Grace Note: Andrew Marvell

 

Nassau, Bahamas:  Family at New Year's Day Junkanoo  1/1/14
Nassau, Bahamas: Family at New Year’s Day Junkanoo 1/1/14

          Of all the poems I met in my Grade 11 English Lit survey, Andrew Marvell’s ‘To His Coy Mistress’ (ca. 1652) stuck most firmly in my mind.  Of course, it fit a teenager’s amorous anxieties –  its title and the hopeful references to losing one’s virginity.

           I didn’t recall, if I’d realised at the time, its diamond-hard brilliance of language.

           For a post on Thursday, ‘Remember the Medway’, I read Marvell’s satire ‘Last Instructions to a Painter’ (1667).  As I noted there, 300+ years after the deaths of the skewered and 350 after the disastrous Raid on the Medway Marvell pictures, it’s hard to understand without a thorough guide.  But the language is remarkable.

           That sent me to ‘His Coy Mistress’.  If since age 16 I’d read anything of it but snippets, I’d forgotten.  What a surprise!

           It is as bold as I recalled, its objective very clear.  Now, though, what Marvell harkens is not youthful urges but Walter Houston’s ‘September Song’ in Kurt Weil & Maxwell Anderson’s Knickerbocker Holiday.

           Marvell’s language and style, however, make the poem justly immortal.  Start with the simplicity of his language.  The first four lines hold one two-syllable word.  Nine lines pass before a three-syllable word arrives, the first of four in 46 lines.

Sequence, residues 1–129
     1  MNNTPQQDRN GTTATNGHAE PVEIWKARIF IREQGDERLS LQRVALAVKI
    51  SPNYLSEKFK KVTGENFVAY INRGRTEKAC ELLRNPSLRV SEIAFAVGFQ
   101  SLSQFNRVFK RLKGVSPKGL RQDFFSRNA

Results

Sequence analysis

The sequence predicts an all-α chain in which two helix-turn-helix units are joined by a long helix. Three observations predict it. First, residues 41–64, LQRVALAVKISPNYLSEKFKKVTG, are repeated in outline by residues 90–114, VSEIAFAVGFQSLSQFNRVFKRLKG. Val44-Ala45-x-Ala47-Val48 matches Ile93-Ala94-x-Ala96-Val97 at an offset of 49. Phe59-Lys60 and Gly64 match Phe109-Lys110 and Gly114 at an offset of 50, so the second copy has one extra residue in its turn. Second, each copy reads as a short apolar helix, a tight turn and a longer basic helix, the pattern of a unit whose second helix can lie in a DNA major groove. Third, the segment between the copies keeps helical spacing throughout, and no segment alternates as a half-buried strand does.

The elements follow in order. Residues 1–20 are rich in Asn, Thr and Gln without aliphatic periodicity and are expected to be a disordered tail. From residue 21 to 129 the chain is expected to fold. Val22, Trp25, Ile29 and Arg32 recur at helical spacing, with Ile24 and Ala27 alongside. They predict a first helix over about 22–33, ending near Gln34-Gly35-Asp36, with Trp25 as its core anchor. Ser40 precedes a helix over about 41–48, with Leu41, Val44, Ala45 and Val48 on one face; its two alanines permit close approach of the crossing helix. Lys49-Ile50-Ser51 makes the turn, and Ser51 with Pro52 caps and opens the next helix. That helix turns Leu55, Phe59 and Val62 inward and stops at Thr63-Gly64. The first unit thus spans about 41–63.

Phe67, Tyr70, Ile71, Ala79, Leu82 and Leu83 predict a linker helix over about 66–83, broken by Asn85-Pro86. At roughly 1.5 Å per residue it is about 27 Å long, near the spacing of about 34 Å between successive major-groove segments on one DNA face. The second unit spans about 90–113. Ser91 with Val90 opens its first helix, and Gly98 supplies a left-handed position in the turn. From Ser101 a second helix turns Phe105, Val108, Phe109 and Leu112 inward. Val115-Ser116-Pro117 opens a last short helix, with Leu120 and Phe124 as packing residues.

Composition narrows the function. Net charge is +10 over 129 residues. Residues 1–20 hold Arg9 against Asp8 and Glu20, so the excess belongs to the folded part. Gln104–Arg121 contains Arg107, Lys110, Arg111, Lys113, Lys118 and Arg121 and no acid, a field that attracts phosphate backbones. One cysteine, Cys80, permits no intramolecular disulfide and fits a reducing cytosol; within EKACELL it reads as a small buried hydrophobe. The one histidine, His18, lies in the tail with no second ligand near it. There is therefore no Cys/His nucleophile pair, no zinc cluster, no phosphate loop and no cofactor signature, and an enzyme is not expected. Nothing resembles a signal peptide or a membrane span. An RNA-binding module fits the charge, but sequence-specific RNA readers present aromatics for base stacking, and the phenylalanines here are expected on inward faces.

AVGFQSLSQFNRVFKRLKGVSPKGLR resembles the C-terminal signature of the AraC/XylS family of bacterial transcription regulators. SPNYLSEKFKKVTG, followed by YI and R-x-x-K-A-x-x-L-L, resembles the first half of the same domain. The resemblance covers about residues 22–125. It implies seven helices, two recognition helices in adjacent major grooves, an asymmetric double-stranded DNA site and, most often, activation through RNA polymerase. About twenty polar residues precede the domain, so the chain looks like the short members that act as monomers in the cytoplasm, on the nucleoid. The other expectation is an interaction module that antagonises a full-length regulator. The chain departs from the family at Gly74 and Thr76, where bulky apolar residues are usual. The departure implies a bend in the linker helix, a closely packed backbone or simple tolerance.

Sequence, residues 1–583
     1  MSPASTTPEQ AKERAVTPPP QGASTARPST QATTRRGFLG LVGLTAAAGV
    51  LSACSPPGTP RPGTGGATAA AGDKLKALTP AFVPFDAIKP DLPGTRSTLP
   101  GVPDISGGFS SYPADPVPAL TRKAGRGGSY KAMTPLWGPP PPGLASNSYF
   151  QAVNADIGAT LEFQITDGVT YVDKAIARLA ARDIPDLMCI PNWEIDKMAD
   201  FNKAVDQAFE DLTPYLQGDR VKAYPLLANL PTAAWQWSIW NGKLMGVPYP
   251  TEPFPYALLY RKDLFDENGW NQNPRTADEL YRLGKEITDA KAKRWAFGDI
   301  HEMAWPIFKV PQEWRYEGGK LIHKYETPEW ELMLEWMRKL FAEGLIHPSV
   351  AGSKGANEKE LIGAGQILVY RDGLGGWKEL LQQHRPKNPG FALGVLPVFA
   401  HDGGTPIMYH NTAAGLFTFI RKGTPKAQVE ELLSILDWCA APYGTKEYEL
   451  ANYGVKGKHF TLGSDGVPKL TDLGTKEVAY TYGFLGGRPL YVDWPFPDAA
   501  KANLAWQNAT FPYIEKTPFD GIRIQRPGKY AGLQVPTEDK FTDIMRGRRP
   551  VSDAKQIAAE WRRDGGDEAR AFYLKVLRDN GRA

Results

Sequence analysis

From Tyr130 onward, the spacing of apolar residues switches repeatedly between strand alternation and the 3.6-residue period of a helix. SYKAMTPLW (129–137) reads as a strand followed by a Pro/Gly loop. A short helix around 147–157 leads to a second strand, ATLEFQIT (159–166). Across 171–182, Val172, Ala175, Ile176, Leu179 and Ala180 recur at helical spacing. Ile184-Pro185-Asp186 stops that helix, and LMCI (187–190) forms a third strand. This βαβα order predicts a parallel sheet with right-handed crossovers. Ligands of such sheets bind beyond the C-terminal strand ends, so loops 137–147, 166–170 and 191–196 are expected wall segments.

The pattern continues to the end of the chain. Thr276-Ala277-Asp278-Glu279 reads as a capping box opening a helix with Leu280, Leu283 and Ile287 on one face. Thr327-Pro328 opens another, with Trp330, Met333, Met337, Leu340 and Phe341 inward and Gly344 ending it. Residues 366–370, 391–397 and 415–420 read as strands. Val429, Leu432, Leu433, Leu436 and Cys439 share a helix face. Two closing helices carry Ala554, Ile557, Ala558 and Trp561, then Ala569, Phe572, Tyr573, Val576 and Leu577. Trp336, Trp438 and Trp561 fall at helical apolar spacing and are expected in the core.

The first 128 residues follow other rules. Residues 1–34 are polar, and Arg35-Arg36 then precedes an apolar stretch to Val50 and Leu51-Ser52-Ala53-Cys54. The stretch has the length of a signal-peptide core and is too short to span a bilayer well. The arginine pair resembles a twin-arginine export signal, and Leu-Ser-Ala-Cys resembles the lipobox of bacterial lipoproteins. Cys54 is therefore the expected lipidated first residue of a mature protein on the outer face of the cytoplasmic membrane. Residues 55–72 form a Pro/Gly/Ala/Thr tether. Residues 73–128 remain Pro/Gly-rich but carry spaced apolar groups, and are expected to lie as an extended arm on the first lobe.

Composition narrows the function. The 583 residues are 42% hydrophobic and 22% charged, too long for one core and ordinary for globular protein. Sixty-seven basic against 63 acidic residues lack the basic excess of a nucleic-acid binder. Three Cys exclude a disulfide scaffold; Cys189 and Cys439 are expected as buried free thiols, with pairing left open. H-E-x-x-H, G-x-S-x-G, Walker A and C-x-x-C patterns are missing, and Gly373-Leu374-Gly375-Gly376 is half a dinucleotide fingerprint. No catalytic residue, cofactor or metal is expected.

The short words give his message urgency, pungency.  The poem feels spoken rather than written:

…I would
Love you ten years before the flood

 The images are as direct as the words that build them.

           But at my back I always hear
Time’s wingèd chariot hurrying near;
And yonder all before us lie
Deserts of vast eternity.

Even in his hurrying, Marvell can’t resist a bit of humor:

The grave’s a fine and private place,
But none, I think, do there embrace.

          The short words and simple images speed the reader through the poet’s plea.  Not until one reads it slowly does Marvell’s art begin to show, as you’ll find for yourself below.  Enjoy!

 

To His Coy Mistress

 

Had we but world enough and time,
This coyness, lady, were no crime.
We would sit down, and think which way
To walk, and pass our long love’s day.
Thou by the Indian Ganges’ side
Shouldst rubies find; I by the tide
Of Humber would complain. I would
Love you ten years before the flood,
And you should, if you please, refuse
Till the conversion of the Jews.
My vegetable love should grow
Vaster than empires and more slow;
An hundred years should go to praise
Thine eyes, and on thy forehead gaze;
Two hundred to adore each breast,
But thirty thousand to the rest;
An age at least to every part,
And the last age should show your heart.
For, lady, you deserve this state,
Nor would I love at lower rate.
          But at my back I always hear
Time’s wingèd chariot hurrying near;
And yonder all before us lie
Deserts of vast eternity.
Thy beauty shall no more be found;
Nor, in thy marble vault, shall sound
My echoing song; then worms shall try
That long-preserved virginity, And your quaint honour turn to dust,
And into ashes all my lust;
The grave’s a fine and private place,
But none, I think, do there embrace.
          Now therefore, while the youthful hue
Sits on thy skin like morning dew,
And while thy willing soul transpires
At every pore with instant fires,
Now let us sport us while we may,
And now, like amorous birds of prey,
Rather at once our time devour
Than languish in his slow-chapped power.
Let us roll all our strength and all
Our sweetness up into one ball,
And tear our pleasures with rough strife
Thorough the iron gates of life:
Thus, though we cannot make our sun
Stand still, yet we will make him run.

Be First to Comment

Leave a Reply

Your email address will not be published. Required fields are marked *